On our way down to Chelsea Market to take a pasta-making class at Giovanni Rana Pastificio & Cucina, I suggested to my kids that the quality of the class would depend entirely on the instructor or as I elegantly put it, “If the teacher sucks, the class will suck.” As my children have been students for most of their lives, this was not breaking news to them.
Well, the teacher didn’t suck, and raising the bar yet higher, Antonella Rana knows how to captivate her students. During the hour-long class, as we made dough from scratch and later cut and filled two kinds of ravioli, I could see my kids’ personalities coming through as they lost themselves in their pasta making.
— My teen was all business, demanding of herself that she should be able to cut and fill the ravioli better than her younger sister and brother;
— My younger daughter was all raw concentration and excitement, her every action saying “Wheee, I’m making pasta over here!”
— For my six-year-old son, the class was the ideal combination of messy hands and instant gratification, with the added bonus of being permitted to crack raw eggs by himself. The look on his face said, “I can’t believe these suckers are letting me get away with this,” though that’s pretty much his default look.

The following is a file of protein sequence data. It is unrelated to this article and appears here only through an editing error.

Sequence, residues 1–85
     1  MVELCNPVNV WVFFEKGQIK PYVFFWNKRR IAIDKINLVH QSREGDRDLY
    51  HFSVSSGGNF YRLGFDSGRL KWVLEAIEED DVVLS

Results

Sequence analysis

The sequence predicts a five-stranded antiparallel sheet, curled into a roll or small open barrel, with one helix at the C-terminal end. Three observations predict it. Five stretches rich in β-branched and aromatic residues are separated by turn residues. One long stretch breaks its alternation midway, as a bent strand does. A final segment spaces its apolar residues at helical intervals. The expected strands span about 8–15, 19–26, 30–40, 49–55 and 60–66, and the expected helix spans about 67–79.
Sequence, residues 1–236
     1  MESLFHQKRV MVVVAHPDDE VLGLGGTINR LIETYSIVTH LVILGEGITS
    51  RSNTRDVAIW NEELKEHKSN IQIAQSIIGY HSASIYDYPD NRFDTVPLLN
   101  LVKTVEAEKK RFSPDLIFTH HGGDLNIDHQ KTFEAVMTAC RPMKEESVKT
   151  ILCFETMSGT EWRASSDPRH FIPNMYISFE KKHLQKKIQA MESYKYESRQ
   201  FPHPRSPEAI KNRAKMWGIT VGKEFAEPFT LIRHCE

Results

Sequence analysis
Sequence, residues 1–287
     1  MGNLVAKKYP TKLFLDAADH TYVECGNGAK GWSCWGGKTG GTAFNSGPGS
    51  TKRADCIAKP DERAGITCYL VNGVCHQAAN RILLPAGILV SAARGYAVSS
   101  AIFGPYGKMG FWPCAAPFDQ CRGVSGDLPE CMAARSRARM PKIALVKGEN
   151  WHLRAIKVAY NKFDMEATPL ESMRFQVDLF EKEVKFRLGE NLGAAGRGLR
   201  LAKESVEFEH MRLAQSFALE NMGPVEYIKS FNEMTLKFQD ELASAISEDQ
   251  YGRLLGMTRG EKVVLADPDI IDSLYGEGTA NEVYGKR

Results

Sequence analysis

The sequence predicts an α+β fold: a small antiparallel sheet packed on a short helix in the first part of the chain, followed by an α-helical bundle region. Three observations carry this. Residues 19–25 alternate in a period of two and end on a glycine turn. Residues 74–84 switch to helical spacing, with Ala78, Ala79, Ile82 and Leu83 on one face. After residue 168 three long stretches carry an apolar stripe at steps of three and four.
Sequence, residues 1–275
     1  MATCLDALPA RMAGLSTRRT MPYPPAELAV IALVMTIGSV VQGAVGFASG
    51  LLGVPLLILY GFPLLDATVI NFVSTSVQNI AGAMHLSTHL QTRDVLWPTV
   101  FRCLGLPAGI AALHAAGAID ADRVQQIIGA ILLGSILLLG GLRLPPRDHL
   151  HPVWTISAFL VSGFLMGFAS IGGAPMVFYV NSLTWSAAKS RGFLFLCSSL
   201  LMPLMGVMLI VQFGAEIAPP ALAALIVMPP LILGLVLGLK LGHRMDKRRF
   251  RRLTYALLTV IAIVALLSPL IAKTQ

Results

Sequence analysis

The class has a low-key intensity because whether you admit it to yourself or not, you’re trying to impress Antonella and yourself at the same time. But it’s low key nonetheless and often comfortably and (with a mouthy boy in the room) miraculously quiet as you all focus on kneading your dough or folding your ravioli. And Antonella knows just the right time to interject a bit of education, noting at one point, “as I said to your father, ricotta is like the natural glue for every filling” and it’s indeed gratifying to find this out first-hand as you’re mixing it up or placing a tiny ball of the ricotta-mascarpone-parmigiano mixture on your pasta sheet, or in your mouth.
Perhaps the best thing about this as the dad was that rather than sitting off to the side checking my email or gamely watching my kids have all the fun, I was playing, too. Given that those “Daddy and Me”-type classes are barely a memory for me or my kids, this kind of shared learning experience is exactly the refresher we needed to stay in touch.
Pasta Making for Kids is $70 per adult/child combo, including lunch (additional grown-up $35, extra child $25) and is held Sundays at 10am year-round.